•nothing we have had before— and even if we did
4 not know its transatlantic origin, it would be quite
1 clear thai it comes neither from Scott, nor Camp

hell r Byron. The nearest approach that our

'poetry has hitherto made t<> this kind of composi-

A 2

4 tion is in the lighter pieces of Prior. Yet Dick
' Shift is not absolutely of his school — but somewhere
1 half way between it and the sterner and coarser in-

* vective of Swift. Its lively tone of raillery — its vi-
' vid and picturesque narrative, often broken up into
'animated dialogue, sometimes interrupted by easy
' chattering, and then again flowing on in vigorous
' and polished verse — remind us forcibly of Prior.
' Its bold sarcasm — its hardy coarseness — its pungent
' irony, are of Swift's taste. Its general characteris-
' tics arc great force and boldness — intense earnest-
' neas of indignation, mixed with little flying traits of
' ludicrous description, and a very philosophical and

* republican contempt for those great men, who
'like, kc. &c.'

Mr. Jeffery then rambleth into a disquisition on
the causes why kings and prime ministers, who do
not happen to be of the Fox party, are always
blackguards ; after which he giveth a history of the
English satirical poetry, toucheth on the characters
of Dr. Donne, Butler, Dry den, DeFoe, Swift, Pope,
Churchill, Cowper, kc. kc. Finally, the critic
maketh a copious analysis of Dick Shift, detecteth
six Americanisms, which, though they have Shak-
speare's authority for their use, are not received in
good society at Edinburgh ; and concludeth a review
of twenty-two pages in this wise:

'Thus we think it quite evident, that in spite of
' the narrow restraints of our commercial policy, po-
' etry, the finest of all manufactures, is now likely to

* be produced on the other side the Atlantic, both of
4 a better quality and at a cheaper rate than it can be
'made in our own island — and Coleridge, Words-
' worth, and the loyal and consistent author of Wat
' Tyler, are in danger of being undersold in their own
1 home market.'

But, gentle and patriotic reader, this praise, is
faint indeed, compared with the splendid panegyric
of the eloquent Phillips, the Demosthenes of Ire-
land, and the chosen model of so many of our Ame-
rican youth. In his address to the electors of Drim-
drumadree, Mr. Phillips quoteth a passage from
Dick Shift, and laudeth the poet in these words :

'Oh divine, oh delicious sally of satire! Cor-
'ruption had erected her court on the heights of the
'Hudson, in the avenues of Albany, in the lobby of
' the legislature — in face a fury, in deed a demon, her
' influence was infernal, and her power was para-
' mount. She seemed about to rear on the ruins of
'the republic, and the nothingness of the nation, a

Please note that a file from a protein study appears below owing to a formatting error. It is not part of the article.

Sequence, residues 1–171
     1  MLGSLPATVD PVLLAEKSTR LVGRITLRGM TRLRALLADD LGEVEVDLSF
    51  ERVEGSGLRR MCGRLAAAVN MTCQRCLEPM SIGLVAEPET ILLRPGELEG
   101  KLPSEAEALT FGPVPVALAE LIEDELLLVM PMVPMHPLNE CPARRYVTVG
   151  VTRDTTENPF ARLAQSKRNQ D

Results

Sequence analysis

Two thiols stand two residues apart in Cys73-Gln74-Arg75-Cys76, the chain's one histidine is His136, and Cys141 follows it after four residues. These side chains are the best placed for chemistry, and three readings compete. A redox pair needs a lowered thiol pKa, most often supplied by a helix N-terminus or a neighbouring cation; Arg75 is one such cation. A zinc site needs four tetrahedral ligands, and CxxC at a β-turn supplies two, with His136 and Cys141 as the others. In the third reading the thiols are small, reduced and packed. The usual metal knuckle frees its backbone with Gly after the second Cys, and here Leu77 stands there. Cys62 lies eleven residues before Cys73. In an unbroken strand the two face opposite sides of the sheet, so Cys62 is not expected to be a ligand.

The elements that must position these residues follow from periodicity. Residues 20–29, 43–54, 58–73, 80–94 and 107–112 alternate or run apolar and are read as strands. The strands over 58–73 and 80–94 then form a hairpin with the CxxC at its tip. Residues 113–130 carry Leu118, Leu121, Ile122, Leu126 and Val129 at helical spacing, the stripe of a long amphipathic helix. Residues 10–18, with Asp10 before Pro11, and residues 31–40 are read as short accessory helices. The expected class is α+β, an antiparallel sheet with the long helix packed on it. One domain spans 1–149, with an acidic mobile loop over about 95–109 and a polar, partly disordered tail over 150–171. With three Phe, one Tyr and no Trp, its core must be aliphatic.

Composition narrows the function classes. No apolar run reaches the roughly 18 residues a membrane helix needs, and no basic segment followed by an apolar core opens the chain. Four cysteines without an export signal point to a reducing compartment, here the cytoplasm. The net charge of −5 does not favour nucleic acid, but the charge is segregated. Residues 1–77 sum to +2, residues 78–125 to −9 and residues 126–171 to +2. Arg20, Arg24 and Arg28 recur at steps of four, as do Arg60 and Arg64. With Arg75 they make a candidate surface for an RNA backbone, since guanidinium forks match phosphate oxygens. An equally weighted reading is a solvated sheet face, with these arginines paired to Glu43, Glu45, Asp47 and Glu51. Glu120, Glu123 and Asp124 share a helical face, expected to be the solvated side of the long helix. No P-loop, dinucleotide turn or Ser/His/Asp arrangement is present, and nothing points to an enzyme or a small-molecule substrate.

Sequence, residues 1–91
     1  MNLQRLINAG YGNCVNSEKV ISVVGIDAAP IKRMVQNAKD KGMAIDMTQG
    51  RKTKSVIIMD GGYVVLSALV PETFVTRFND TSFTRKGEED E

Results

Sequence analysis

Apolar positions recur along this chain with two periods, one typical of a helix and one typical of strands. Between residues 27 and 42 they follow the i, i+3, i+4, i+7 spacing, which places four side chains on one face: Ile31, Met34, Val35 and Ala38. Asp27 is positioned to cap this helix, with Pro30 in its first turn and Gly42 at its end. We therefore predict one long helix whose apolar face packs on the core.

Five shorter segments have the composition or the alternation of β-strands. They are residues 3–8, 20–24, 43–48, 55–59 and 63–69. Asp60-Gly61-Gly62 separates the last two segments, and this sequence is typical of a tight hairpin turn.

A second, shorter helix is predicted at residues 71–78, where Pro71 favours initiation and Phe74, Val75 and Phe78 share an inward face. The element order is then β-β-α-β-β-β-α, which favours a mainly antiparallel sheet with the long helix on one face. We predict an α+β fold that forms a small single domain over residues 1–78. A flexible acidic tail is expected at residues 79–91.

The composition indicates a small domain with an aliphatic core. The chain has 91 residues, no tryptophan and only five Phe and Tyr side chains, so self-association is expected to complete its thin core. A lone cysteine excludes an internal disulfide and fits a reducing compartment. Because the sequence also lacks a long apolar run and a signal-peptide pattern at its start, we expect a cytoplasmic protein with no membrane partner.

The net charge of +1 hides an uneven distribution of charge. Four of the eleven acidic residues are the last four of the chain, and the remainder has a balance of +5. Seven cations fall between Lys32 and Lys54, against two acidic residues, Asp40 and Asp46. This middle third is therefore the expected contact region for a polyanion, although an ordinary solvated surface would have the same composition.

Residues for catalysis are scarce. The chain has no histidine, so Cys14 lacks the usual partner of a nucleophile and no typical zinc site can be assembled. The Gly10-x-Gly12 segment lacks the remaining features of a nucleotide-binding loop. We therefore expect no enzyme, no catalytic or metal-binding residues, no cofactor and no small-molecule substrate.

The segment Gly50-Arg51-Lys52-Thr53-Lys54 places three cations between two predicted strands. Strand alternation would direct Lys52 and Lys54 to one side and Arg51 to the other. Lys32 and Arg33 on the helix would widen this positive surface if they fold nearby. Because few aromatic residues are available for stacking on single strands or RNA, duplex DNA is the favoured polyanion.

' pyramid of pride, beneath whose shade magnani-
k mity might moulder, and wisdom would wither
'away. She assailed the virtuous with the venom
'of venal turpitude; she allured the wisdom of the
•wicked by the wiles of wealth. Her throne was
' the lobby — th»- ermine washer rloke — banks were
' her playthings — bribes were her sugar-plums. Oft
'did she draw the dagger of detraction, and oft did
'she unvein the life-blood of confiding conscience
'and paralyzed patriotism. Oh. what an bourwa


tied for the gigantic energies of genuine genius
'The great Unknown, the mysterious and mighty
' author of Dick Shift, then walked forth' in the
' eloud, and the mist, and the majesty of cortceal-
' ment — armed with the pride, and the power, and
' the punishment of purest patriotism. Corruption

* fled from his face, and fell cowering, and crushed,
*and crumbling on the altars of her own Mam -
4 mon-like idolatry. The high flame of poetry,
' like a beacon blaze on a rock, warned the world,
'to beware. Who first fanned that flame? Who
' flashed the torch of truth into the dark, dreaic^,
1 and desolate den of Detraction? The matchless
'author of Dick Shift! Sublime songster ! super-
' lative satirist ! Thy fame is for ever — thy satires
' a scourge, thy mirth is merit, and thy rhyme is
' reason. When hereafter the green grass shah" grow
' on thy grave, many an eagle eye shall embalm thy
'memory with its dews — many a merry.maid shall

• mourn — many a lovely lip shall lisp^-iiiiirry a che-
' rub child shall chaunt — many a saci'ed song shall
1 sound — many a holy hand shall hold thy, tvc. &§c.'
—Counsellor O 1 Regan's edition of Phillips's Poli-
tical S])ecches, p. 94.

Let us now proceed to select some small sam-
ples from the mass of tribute, which this great ge-
nius hath received from the continent of Europe.

And first in the French" tongue—

* French is the 'anguage now spoken in that country,
anciently called Gallia. Gallia est omnis divisa in
partes ties. Cesar. Comm. Lib. I. p. 9 , Edit. Onden-